Chinese Labour Corps of WW1 will be remembered in Spalding

Chinese Labour Corps workers during WW1

During the Great War of 1914-18, as the British commitment of men and materials grew, there was a severe shortage of men to work as labourers behind the front lines.

They were needed to move the tons of stores needed each day, the food, the ammunition, barbed wire, duckboards, etc. The list is almost endless.

A Chinese grave in France.

So the British government decided to recruit labourers from around the Empire to do this important work and free troops for front line duty by performing support work and manual labour.

In addition to the West Indies, South Africa, Malta and the Seychelles, recruiting teams were sent into China.

Some 140,000 Chinese men were recruited from isolated villages and shipped to Europe to work for the Allies.

They spoke little English, so always had to have translators close by and were led by British officers who spoke Chinese.

When the war ended, most of them went back to China, leaving around 6,000 behind to help clear the battlefields of war debris and the thousands of tons of unexploded or unused ammunition.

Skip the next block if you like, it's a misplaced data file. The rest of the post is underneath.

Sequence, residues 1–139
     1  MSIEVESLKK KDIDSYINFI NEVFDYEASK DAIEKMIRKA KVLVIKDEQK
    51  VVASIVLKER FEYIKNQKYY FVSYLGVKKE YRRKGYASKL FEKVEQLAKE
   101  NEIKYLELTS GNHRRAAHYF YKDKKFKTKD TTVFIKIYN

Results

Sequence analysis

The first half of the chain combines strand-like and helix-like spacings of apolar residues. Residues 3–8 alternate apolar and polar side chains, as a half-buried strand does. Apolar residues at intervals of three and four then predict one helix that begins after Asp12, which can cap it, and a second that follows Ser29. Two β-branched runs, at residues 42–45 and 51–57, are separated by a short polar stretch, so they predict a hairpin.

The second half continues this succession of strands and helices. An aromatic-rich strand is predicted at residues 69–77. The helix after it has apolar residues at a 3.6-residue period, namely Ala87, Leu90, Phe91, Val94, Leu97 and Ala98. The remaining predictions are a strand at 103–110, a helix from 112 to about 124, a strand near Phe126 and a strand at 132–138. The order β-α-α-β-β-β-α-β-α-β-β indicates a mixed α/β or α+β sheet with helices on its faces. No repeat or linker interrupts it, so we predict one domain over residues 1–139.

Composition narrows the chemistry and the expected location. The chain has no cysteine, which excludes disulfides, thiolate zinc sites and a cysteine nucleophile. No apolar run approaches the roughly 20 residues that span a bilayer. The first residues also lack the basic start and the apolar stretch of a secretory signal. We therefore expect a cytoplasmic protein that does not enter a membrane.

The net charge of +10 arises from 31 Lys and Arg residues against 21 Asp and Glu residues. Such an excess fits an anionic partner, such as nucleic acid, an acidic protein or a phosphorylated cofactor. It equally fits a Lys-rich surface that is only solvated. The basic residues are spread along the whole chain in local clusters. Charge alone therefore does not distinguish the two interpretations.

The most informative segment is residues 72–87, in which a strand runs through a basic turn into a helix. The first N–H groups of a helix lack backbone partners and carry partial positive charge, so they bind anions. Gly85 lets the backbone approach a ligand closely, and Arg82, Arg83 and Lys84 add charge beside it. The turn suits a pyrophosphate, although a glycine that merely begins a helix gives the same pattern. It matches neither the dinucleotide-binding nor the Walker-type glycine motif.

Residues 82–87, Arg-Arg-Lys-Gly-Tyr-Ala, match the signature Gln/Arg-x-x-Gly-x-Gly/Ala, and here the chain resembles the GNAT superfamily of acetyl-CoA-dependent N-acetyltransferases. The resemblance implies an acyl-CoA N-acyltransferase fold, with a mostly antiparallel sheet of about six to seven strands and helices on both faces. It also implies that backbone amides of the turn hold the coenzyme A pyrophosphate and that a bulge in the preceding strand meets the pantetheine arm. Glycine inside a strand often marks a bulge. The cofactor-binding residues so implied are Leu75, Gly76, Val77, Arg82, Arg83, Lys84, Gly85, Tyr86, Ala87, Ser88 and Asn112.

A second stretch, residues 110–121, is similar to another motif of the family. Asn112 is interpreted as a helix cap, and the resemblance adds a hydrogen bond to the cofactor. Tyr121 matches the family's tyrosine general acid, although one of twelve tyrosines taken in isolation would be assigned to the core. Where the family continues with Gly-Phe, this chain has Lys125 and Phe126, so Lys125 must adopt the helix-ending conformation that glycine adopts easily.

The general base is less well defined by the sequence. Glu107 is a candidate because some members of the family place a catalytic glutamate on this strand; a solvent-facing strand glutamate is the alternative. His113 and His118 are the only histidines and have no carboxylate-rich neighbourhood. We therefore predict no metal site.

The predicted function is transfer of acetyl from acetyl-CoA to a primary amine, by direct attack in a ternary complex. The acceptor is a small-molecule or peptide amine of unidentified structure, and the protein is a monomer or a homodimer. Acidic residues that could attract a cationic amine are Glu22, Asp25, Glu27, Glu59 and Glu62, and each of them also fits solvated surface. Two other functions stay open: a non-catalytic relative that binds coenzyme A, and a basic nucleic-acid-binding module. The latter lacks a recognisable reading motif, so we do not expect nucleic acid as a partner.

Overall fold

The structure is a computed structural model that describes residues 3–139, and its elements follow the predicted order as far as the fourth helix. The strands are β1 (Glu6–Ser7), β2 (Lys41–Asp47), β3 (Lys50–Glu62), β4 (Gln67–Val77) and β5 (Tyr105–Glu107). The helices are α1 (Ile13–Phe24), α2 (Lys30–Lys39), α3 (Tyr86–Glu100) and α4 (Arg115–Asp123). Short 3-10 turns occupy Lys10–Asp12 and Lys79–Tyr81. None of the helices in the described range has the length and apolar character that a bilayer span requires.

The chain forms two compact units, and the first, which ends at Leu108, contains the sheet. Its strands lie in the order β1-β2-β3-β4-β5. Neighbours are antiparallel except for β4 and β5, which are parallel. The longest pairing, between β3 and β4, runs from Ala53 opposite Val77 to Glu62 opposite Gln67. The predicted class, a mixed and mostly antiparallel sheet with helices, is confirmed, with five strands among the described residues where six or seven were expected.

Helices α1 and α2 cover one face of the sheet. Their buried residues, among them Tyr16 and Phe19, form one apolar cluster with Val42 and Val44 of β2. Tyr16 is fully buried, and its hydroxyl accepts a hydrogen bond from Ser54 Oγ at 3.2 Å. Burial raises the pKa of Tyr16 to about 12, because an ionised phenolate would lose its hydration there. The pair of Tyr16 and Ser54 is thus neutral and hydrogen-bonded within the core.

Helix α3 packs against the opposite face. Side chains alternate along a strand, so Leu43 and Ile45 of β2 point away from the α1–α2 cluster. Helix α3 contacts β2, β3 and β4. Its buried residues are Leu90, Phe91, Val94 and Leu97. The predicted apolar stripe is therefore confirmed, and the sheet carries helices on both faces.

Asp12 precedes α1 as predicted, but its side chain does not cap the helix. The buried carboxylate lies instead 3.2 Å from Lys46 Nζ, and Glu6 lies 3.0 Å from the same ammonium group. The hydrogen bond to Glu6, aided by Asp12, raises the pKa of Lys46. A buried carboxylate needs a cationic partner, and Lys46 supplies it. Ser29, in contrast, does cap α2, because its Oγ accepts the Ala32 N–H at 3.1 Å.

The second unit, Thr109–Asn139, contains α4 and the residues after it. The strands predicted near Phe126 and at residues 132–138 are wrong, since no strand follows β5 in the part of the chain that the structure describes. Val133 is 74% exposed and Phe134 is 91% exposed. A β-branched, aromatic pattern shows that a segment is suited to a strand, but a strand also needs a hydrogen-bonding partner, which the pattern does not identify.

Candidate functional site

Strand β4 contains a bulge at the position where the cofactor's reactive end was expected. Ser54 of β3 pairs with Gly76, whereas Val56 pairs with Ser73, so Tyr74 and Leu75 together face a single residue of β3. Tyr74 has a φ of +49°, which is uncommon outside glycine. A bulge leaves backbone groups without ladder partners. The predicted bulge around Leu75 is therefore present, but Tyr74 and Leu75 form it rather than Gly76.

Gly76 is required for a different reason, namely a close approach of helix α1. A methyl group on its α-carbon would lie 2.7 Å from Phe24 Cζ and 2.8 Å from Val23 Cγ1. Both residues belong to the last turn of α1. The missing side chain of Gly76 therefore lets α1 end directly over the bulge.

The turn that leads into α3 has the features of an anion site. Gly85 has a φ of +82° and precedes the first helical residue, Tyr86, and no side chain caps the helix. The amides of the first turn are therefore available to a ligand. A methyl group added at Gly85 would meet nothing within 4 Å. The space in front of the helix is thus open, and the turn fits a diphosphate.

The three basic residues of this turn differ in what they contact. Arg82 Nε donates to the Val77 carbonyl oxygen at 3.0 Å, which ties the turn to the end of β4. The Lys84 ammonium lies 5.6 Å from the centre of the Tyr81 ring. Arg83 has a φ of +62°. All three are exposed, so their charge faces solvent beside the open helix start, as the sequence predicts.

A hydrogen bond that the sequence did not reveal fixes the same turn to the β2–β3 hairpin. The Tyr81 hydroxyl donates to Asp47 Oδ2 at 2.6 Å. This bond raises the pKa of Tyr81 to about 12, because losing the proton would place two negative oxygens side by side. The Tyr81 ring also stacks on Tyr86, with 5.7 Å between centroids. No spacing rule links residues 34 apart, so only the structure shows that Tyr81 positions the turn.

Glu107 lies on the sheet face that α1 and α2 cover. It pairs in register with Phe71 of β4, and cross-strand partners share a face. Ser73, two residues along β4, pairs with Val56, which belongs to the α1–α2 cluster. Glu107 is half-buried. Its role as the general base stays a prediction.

Those who stayed on after this drifted to Paris, where they established the Chinese Quarter.

Until last November, when members of the Meridian Society - trying to further remembrance of the Chinese on the Western Front - were invited by the Western Front Association (WFA) to take part in the remembrance ceremony and lay wreaths at the Cenotaph in Whitehall on November 11, the Chinese Labour Corps, or CLC, have been a forgotten part of the Great War.

They have no memorials in this country other than a few graves in a handful of cemeteries and few in France, only those in the few cemeteries where Chinese graves are.

In all, an estimated 10,000 Chinese died in the war effort - victims of shelling, landmines, poor treatment or the worldwide flu epidemic.

As part of the Western Front Association’s efforts to see that these men who came from the other side of the world to work for us are remembered after 100 years of silence, the Spalding and South Lincs Branch of the WFA have Wenlan Peng, one of the founders of the Meridian Society, giving a presentation on the Chinese Labour Corps and its accomplishments.

The meeting is open to anyone with an interest in the CLC or the Great War in general and will be held at The Church Hall, alongside St Paul’s Church, Fulney, on Thursday at 7.30pm.

An entry donation of £3 will get you in and there will be refreshments and a raffle during the evening, as well as sales of a fundraising Chinese Labour Corps DVD.

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